With the controversy swirling over media reports that after a recent congressional modification in the 1948 Smith-Mundt Act
, U.S. officials may try to target Americans with government propaganda, the federal agency in charge of news and information programs for foreign audiences told its employees that they can start identifying U.S. stations that may be interested in taking their programming but should not contact them specifically to market such programs.
The Broadcasting Board of Governors
(BBG), which runs the Voice of America
(VOA), Radio and TV Marti
and several other news media outlets serving international audiences, advised its employees that after the inclusion of the Smith-Mundt Modernization Act of 2012 in the the National Defense Authorization Act (NDAA) for Fiscal Year 2013
(Public Law 112-239), they may collect information on U.S. stations as potential recipients of government-funded overseas news programs, but that they “should not be contacted solely to inform them of domestic programming.”
“If you have a meeting on other issues, you can mention that VOA/OCB (Office of Cuba Broadcasting in charge of Radio and TV Marti) can now respond to requests for programs in the U.S.,” employees were told. “You can refer them to the Agency Domestic request regulations
, VOA’s web pages or OCB’s web pages,” internal instructions said.
Section 1078 of the NDAA for Fiscal Year 2013 forbids use of taxpayers’ money by the Broadcasting Board of Governors and State Department employees to influence public opinion in the United States. The exact wording is:
“No funds authorized to be appropriated to the Department of State or the Broadcasting Board of Governors shall be used to influence public opinion in the United States.”
Critics, such as the watchdog website BBG Watch
, warn that government officials cannot be trusted
not to target specific groups of Americans with news designed for foreign audiences. Although intended for overseas, such news also include information about political and social developments in the U.S. and expert opinions on domestic issues. Critics also said that government officials made partly misleading claims, some referred to it as propaganda, to get the U.S. Congress to change the Smith-Mundt Act to allow them to distribute their news programs in the United States.
Officials of the BBG’s management arm, the International Broadcasting Bureau (IBB), used the example of a Somali-language radio station in Minnesota being told that it cannot receive and rebroadcast VOA Somali programs. In reality, under the 1948 Smith-Mundt Act, Americans and American media outlets were never forbidden from using and rebroadcasting Voice of America programs if they obtained them on their own. The only restriction applied to government officials providing such programs or trying to target American audiences.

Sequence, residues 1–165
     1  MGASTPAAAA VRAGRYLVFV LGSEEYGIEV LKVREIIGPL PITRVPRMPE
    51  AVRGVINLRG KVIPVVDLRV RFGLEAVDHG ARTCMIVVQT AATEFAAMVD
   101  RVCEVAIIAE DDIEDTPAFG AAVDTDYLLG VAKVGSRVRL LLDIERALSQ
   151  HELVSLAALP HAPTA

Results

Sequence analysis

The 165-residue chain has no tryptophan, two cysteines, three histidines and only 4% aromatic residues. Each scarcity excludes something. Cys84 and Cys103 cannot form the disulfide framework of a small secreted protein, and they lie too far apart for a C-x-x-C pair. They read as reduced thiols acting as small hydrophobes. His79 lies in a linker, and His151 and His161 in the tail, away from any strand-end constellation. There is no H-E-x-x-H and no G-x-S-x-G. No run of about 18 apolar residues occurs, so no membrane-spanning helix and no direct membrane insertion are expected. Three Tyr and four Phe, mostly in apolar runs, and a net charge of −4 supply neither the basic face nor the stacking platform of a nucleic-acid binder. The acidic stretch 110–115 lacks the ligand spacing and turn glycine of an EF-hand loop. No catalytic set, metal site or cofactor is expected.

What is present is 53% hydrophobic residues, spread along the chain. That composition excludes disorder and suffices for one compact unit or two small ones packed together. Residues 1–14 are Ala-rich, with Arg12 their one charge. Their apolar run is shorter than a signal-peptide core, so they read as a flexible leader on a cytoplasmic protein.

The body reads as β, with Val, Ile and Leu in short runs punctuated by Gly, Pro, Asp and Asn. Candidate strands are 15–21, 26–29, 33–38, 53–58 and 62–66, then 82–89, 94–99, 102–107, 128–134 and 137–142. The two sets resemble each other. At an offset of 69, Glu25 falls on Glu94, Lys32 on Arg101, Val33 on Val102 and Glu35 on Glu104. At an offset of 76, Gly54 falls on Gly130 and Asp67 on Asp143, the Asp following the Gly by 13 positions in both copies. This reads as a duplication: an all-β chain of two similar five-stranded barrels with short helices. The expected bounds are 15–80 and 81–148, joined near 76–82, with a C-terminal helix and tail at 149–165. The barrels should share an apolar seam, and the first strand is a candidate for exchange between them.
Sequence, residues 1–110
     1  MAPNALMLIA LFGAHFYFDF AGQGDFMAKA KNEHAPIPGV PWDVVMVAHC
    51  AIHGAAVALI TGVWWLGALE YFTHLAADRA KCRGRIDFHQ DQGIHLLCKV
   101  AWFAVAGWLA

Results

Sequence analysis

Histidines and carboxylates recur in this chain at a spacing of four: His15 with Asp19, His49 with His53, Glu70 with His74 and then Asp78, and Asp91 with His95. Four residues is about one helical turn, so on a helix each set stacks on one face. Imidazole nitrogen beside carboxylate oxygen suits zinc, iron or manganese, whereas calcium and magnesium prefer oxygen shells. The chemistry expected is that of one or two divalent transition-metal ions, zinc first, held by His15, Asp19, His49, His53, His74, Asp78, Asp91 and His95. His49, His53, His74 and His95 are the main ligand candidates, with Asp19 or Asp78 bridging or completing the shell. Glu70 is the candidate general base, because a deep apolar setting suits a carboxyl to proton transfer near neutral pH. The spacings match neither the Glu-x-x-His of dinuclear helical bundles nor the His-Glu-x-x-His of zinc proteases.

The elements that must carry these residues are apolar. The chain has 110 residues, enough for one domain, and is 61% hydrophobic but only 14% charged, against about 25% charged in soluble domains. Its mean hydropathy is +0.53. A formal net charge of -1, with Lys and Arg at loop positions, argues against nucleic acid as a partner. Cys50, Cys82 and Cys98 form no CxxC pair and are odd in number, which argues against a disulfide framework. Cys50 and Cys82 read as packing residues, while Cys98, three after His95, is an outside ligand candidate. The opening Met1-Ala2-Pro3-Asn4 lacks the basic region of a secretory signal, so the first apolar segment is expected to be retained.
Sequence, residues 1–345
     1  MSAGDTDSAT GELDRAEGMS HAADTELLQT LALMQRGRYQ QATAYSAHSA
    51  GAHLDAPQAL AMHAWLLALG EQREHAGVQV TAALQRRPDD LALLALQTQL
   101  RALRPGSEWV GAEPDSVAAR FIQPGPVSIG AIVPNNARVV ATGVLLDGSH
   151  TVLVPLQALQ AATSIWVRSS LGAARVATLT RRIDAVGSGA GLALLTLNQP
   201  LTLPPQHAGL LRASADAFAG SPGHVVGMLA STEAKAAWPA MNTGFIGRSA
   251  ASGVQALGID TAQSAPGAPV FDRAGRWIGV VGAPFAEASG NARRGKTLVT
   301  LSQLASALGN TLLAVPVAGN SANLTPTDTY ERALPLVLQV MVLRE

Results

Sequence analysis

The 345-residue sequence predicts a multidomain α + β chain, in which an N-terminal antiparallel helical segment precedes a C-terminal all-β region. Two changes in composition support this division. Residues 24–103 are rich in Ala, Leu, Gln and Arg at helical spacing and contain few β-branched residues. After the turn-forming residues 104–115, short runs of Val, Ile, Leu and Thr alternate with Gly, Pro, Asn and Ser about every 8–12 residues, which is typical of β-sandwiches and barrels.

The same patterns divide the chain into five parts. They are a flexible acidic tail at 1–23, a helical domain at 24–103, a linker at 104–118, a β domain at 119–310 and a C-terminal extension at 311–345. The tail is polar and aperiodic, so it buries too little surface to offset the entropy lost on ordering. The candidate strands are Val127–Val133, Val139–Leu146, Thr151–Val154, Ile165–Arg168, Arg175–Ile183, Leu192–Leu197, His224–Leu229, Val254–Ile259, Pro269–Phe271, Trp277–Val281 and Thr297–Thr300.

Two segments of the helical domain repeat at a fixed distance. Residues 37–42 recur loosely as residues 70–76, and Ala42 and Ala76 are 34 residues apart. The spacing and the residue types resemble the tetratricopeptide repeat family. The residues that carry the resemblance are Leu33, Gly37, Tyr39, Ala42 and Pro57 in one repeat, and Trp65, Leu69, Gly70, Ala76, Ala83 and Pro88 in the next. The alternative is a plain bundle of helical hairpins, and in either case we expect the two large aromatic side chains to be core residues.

In earlier decades, some Americans listened to VOA broadcasts on shortwave radio and later Americans had complete access to nearly all VOA text, audio and video content on the Internet. The Somali-language station in Minnesota could have downloaded the program off the Internet and rebroadcast it without seeking help or permission from the U.S. government. As with any third-party content, a station would have to make sure that the program did not contain any copyrighted material in addition to VOA-authored content which has always been in the public domain because it is paid for by American taxpayers.
of the VOA website says that "VOA may, upon request, authorize use or re-broadcast of its programs and materials by private individuals, organizations, and media entities in the United States." In fact, any VOA original material that is already in the public domain does not need an authorization from a U.S. government entity for its use and reuse as along as all other applicable laws and regulations are observed by those who use it . While users may now benefit from seeking additional information from VOA as to what type of content is available, they were never prevented from finding and using it on their own without authorization from the U.S. government.
Even the sponsors of the new legislation to modify the 1948 Smith-Mundt Act, Congressmen Mac Thornberry (R-TX) and Adam Smith (D-WA), made comments
suggesting that it was somehow impossible or even illegal for Americans to obtain and use these programs before their Modernization Act went into effect.